Sunday, July 24, 2011

What I Read This Weekend

What I've Read This Week . . .

Country Mouse by Jessie Watson -- Regency Romance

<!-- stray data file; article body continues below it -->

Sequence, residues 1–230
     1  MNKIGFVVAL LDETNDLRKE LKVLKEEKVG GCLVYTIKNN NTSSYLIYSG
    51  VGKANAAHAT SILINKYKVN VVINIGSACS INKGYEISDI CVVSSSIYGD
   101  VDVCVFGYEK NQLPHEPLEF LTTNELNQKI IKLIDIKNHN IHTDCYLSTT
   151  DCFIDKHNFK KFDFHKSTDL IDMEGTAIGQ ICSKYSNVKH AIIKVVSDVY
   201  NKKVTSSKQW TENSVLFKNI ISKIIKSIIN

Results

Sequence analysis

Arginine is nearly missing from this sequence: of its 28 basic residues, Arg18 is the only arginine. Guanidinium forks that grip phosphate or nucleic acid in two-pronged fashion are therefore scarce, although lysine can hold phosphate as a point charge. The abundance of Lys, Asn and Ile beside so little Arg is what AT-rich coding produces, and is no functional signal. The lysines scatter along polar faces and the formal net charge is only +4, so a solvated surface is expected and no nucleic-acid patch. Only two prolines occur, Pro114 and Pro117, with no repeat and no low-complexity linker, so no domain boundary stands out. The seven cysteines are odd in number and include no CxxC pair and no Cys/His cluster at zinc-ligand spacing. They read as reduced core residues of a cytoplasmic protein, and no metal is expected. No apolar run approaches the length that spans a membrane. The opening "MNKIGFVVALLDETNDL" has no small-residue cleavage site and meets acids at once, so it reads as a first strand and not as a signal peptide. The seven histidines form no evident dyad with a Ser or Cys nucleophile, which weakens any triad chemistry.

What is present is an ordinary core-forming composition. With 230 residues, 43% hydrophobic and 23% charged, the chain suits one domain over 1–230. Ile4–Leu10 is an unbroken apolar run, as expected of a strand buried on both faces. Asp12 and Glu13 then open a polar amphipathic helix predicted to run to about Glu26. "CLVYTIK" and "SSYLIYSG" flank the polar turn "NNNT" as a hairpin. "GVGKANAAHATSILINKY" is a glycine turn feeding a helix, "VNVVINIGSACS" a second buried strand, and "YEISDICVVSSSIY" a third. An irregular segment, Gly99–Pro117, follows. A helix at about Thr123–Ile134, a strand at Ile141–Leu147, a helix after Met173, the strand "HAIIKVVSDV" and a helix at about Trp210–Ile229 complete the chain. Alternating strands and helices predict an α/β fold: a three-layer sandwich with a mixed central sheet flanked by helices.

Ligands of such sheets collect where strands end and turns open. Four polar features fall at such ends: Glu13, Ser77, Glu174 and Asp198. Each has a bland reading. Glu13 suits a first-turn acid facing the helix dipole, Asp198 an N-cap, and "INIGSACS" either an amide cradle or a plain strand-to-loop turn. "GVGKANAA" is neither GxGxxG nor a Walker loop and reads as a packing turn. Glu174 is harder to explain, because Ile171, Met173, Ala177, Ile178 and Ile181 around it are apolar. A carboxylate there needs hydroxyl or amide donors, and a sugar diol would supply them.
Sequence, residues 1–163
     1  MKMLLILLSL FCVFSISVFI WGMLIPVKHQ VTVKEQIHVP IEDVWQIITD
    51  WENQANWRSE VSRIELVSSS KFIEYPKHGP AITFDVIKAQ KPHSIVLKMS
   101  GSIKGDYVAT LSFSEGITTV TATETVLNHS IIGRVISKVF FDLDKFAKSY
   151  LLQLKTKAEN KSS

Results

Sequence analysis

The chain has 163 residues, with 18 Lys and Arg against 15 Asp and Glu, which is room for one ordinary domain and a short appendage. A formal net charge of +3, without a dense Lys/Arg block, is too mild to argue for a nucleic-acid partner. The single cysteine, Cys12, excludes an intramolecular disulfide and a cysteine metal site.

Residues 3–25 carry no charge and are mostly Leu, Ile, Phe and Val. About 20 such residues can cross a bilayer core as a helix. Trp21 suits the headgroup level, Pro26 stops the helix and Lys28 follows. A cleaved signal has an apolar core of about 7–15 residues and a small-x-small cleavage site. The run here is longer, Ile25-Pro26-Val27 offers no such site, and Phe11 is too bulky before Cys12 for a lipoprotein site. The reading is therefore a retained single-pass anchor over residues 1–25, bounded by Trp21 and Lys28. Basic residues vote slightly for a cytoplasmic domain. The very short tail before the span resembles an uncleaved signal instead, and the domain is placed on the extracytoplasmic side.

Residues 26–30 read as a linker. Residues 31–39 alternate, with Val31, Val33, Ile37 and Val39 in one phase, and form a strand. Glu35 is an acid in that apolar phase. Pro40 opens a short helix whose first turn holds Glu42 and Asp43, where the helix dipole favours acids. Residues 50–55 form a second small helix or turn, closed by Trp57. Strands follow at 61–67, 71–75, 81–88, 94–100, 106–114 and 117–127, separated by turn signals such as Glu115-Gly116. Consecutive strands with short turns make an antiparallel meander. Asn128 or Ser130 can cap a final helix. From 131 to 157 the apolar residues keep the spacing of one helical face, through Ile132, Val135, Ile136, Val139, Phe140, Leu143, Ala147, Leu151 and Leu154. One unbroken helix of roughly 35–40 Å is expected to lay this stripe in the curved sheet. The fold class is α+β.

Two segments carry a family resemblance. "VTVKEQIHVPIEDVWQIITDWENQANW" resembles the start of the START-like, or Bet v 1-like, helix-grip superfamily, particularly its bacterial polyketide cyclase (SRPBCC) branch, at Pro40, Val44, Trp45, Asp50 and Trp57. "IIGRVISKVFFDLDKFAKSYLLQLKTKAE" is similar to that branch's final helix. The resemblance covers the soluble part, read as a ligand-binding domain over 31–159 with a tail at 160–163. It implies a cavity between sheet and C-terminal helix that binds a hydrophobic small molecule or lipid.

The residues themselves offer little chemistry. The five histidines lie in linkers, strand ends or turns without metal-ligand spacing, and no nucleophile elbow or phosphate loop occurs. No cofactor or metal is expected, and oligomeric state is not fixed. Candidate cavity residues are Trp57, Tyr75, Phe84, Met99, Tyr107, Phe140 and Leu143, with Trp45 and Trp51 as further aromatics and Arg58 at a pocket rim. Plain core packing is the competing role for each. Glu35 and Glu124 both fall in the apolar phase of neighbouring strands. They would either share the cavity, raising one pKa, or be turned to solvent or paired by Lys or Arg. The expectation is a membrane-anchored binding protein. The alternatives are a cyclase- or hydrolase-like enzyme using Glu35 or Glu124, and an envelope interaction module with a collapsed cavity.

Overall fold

Miss Lavinia Taylor longs for a peaceful country home where her many rescued animals can be content. Now that her uncle is dead and her brother is at Oxford, there's nothing left for her in London. Once she's settled in the countryside, she begins to think there's something missing in her life and perhaps that something is a husband. She wants a true companion who will love her and her animals and value her opinions. Such men are hard to find and even more rare in her small country village so she puts the matter aside and doesn't give it much more thought until she comes across an injured gentleman lying by his upturned carriage in the road. The gentleman, Lord Charles Templeton (apparently a Marquess but his style is given as Lord Templeton) has come to one of his country estates to avoid a scandal brewing in London. His very beautiful and very dangerous (former) mistress was about to be served with a divorce from her less-than-adoring husband if she was found to be with child. Though she is not, Templeton feels the need to escape London for awhile. Lavinia immediately takes the strange gentleman to task for being a poor driver and causing an accident on a bumpy country road. Their meeting goes from bad to worse as they can do nothing but exchange pointed barbs at one another. However, he is an eligible gentleman, albeit one with a shocking reputation so Lavinia concludes she needs to get to know him better. Templeton is angry at Lavinia at first, but soon he is captivated by her witty sense of humor. Meanwhile, the villagers have taken temporary positions at the Park with Lord Templeton and are extremely happy with their positions. They want to stay working for Lord Templeton at the Park. The servants also adore Lavinia and they think they know just how to convince Lord Templeton to stay. However, poor Templeton is continually made to look like a fool in front of Lavinia. Will he ever be able to prove himself worthy of her love? There are many different plot threads in this Regency romantic comedy. The story is told in the third person from the points of view of Lavinia, Templeton, the servants/villagers, Lavinia's bird, her best friends and her brother. There is entirely too much going on in this story and the romance suffers for it. I would have picked the animal rescue plot and made that the focal point of the story OR Lord Templeton's accident-prone nature OR a plot about Lavinia's brother but not all of them. It made the story way too long and confusing. The romance suffers because the author has to speed things up at the end because there was too much going on earlier. The author also includes pointless historical details that don't move the story along. I adore period details and can't get enough except when they aren't relevant to the story. I liked the characters for the most part, especially Lavinia. I admire her dedication and determination to helping animals in need. Templeton is an OK hero. He has his faults, some of them bad and some of them charming. There are too many secondary characters to even comment on. This is an OK novel if you like lighthearted novels with a bit of danger

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